The Ford government’s plan mirrors efforts in the United States, one of which is the state of Virginia’s Project Exile. Project Exile was an approach to gun violence that targets felons in possession of firearms and prosecutes them in federal court, where they would receive a more severe sentence in comparison to state courts that typically handle these cases (Rosenfeld, Fornango, & Baumer, 2005). Evaluations of Project Exile have indicated that, although the project was successful at increasing the number of convictions and length of sentencing, there was no reduction in gun violence (Johnson, Heineman, Smith, Walko-Frankovic, & Willard, 2003; Rosenfeld, Fornango, & Baumer, 2005). This finding suggests that approaches targeted at offenders do not address the root causes of gun violence and are, therefore, unsuccessful at combating these actions.
Although ‘gun violence’ is often used as a synonym for homicides by firearm, it is actually a term that encompasses all violent acts resulting from gun use. There are four subcategories of gun violence: homicides, accidents, suicides, and police use (Newman & Head, 2017). In line with common understandings of the term, the Ford government’s plan to address gun violence is only directed at the subcategory of homicides by firearm. It is important to realize that, statistically, this violent act does not account for the most deaths from gun violence. In 2009, there were 177 homicides by firearm in Canada, compared to 531 suicides (Statistics Canada, 2009). These statistics demonstrate that homicides by firearm are only one piece of the gun violence equation; the Ford government’s plan fails to address the other subcategories, some of which account for more deaths annually in comparison to homicides.
At the beginning of May 2020, the federal government, under Justin Trudeau’s leadership and in response to the recent Nova Scotia mass shooting, announced a ban on assault style guns in an attempt to address gun violence (Wright, 2020). Similar to the Ford government’s plan, this response to a mass shooting is also unlikely to resolve the issue of gun violence in Canada because it also fails to address upstream causes of gun violence and fails to acknowledge that a large proportion of these deaths are the result of suicides and police use (Newman & Head, 2017). Ford responded to the Trudeau government’s gun control measure stating “the problem is not the legal gun owners. We need to target the smugglers and we need to throw the book at these gangsters out there terrorizing our streets” (Wright, 2020).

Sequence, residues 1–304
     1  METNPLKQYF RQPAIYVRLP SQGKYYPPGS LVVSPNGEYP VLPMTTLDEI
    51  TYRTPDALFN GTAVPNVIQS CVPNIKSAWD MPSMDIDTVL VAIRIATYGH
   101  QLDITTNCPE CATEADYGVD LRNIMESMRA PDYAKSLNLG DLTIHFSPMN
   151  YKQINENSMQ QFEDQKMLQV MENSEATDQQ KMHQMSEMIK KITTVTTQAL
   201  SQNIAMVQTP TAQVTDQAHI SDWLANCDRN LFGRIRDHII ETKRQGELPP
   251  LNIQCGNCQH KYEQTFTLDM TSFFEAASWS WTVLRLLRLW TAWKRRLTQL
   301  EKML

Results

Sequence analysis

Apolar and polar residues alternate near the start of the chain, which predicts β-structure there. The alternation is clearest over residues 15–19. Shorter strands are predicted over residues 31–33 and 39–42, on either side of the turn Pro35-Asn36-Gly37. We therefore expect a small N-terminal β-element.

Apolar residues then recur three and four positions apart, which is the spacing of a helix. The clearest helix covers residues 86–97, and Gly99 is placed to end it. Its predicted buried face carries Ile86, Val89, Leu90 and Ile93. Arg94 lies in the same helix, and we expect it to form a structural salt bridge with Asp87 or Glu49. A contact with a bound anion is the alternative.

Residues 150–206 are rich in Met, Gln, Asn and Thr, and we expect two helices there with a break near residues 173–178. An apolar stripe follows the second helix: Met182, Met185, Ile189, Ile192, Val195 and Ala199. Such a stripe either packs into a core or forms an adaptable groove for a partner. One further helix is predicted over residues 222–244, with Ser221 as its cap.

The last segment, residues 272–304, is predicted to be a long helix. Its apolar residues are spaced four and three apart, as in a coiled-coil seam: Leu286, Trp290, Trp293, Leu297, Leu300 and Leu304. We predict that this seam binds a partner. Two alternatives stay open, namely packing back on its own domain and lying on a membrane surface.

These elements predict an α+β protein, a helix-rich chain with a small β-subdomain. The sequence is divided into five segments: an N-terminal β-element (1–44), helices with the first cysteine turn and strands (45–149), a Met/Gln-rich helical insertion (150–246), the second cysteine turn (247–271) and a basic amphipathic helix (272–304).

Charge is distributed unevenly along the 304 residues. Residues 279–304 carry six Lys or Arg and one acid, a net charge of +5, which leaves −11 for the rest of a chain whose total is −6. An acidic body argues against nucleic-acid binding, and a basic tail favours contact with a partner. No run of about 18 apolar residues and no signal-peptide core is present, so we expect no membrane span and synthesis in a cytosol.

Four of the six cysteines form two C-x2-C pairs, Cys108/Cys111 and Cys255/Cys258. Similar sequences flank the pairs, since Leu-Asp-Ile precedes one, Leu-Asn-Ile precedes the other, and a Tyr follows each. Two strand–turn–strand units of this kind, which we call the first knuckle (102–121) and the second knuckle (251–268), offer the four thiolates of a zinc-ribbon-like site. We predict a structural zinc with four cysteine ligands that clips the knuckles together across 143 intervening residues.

Neither of the abovementioned control measures adequately address the underlying issue of gun-related violence in Canada. Far too often public health interventions aimed at addressing gun violence target individuals and their behaviours; however, these interventions have not been effective at reducing the rates of gun violence because they fail to intervene on upstream pathways (Krieger, 2008). By choosing to fund crown attorneys and increase police surveillance, the Ford government is insinuating that law enforcement is the solution when, in fact, it is not. A plethora of research states that gun violence is largely the result of social and economic conditions (i.e., income, education, race) (Butts et al., 2015; Kwon & Baack, 2005; Makarios & Pratt, 2012; Mozaffarian, Hemenway, & Ludwig, 2013; Murray et al., 2013). Despite the academic evidence, the Ford government’s plan to end gun violence does not aim to reduce poverty, address systemic racism, increase educational attainment, or increase employment opportunities. Therefore, it is anticipated that the plan will not be effective in addressing the Ford government’s explicit goal of reducing gun violence in Ontario and is likely to cause more societal problems.